Monday, 11 July 2016

The Mysterious Bolton Strid, UK

In England somewhere between Barden Tower and Bolton Abbey in Yorkshire, lies one of nature's most mysterious booby traps. Although it’s a small innocuous-looking mountain stream, around 6 feet across, famous as “Bolton Strid”, or simply the “Strid”. Nonetheless underneath the water's surface is a deep chasm with commanding undercurrents that pulls anyone that falls into it to sure death. Therefore, it is strongly believed that not a solitary person who has fallen into the “Strid” has ever come out of it alive. Not even their bodies as well. To be sure, it is well believed that the name “Strid comes from the word “stride”. The human nature assume, they can jump the creek, walk across in the stone, or even wade through it, so most of time, the attempt gets  in vain and they lost in Strid.  The extravagant attempt means; there are just dozens of corpses down there, pinned to the walls of the underground chasms, waiting for you to join them. It looks all stupid and harmless, but the second your foot touches the surface, you get some bullshit drowning animation and die instantly.

The people are unable to understand how a small mountain brook can have such a treacherous reputation, take a walk upstream. In less than 100 yards, this “small” stream will have stretched to a considerable river 30 feet across. Thus, it is River Wharfe which runs through Yorkshire, but when it comes to the zone of Bolton Abbey the river is forced through a thin gap causing the water to gain incredible speed and depth. As a result, the thin gap on the Strid is only an illusion as both banks are extremely undercut. Furthermore, unseen underneath is a network of caverns and tunnels that hold all of the rest of the river's water. Hence, no one exactly knows how deep the Strid goes. Also, on the surface the Strid appears so uncertain and the banks so close to each other that various foolhardy peoples in the past have assumed they could jump across it, or walk across its stones because it only seems knee-deep. However if there happens to be a bout of particularly dry weather, the waterline does start to drop, and you can just see the tops of the huge formations below. So, beautiful rivers can certainly be dangerous to humans – the Nile has lots of crocodiles, the Zambesi will push you over the Victoria Falls, and beware of swallowing water from the lower reaches of the Colorado. Whilst the Strid is also striking, and looks harmless, it’s likewise deadly. It kills because of its geomorphology the form of the channel, which is influenced by the nature of the rocks over which it tumbles.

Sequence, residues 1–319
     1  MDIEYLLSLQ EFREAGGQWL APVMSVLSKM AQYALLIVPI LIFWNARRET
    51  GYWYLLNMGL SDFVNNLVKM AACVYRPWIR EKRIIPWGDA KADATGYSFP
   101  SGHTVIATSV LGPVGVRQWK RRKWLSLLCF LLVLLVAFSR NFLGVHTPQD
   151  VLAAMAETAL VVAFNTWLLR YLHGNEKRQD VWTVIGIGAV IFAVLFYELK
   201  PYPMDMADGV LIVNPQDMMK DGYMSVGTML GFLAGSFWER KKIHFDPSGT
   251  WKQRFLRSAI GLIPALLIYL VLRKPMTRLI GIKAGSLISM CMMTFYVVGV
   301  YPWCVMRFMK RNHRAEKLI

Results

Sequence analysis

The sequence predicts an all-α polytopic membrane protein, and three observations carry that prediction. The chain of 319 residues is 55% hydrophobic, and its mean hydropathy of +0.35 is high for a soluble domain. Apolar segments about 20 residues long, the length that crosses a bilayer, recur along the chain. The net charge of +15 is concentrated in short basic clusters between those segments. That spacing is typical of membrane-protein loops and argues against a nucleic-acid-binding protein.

Further, there are warnings signs on trees around the area to stay away people to try the leap. And so, still there are number of stories of persons slipping and getting sucked cruelly into the underwater caves and eroded tunnels. The William de Romilly, the son of Lady Alic de Romilly, was unluckily victim, who went to see Bolton Strid and try to leap across the Strid but perished. His mom was went in deep depression, so grieved by her precious loss that she donated the surrounding land to establish the Bolton Priory monastery. This sad legend was later immortalized by William Wordsworth in his poem “The Force of Prayer”. Which is as below?

    This striding-place is called THE STRID,
    A name which it took of yore:
    A thousand years hath it borne that name,
    And shall a thousand more.

    And hither is young Romilly come,
    And what may now forbid
    That he, perhaps for the hundredth time,
    Shall bound across THE STRID?

    He sprang in glee,- or what cared he’
    That the river was strong, and the rocks were steep? –
    But the greyhound in the leash hung back,
    And checked him in his leap.

    The Boy is in the arms of Wharf,
    And strangled by a merciless force;
    For never more was young Romilly seen
    Till he rose a lifeless corse.

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